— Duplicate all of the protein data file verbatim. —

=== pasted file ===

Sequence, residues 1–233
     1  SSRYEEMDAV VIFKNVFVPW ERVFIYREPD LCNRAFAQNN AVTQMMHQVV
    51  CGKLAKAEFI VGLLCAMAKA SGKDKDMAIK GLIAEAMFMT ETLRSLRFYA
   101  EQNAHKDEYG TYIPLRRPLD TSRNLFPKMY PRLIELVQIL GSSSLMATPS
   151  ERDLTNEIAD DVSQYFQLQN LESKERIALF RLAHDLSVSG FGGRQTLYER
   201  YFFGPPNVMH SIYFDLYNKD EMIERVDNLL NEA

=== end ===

Sequence, residues 1–233
     1  SSRYEEMDAV VIFKNVFVPW ERVFIYREPD LCNRAFAQNN AVTQMMHQVV
    51  CGKLAKAEFI VGLLCAMAKA SGKDKDMAIK GLIAEAMFMT ETLRSLRFYA
   101  EQNAHKDEYG TYIPLRRPLD TSRNLFPKMY PRLIELVQIL GSSSLMATPS
   151  ERDLTNEIAD DVSQYFQLQN LESKERIALF RLAHDLSVSG FGGRQTLYER
   201  YFFGPPNVMH SIYFDLYNKD EMIERVDNLL NEA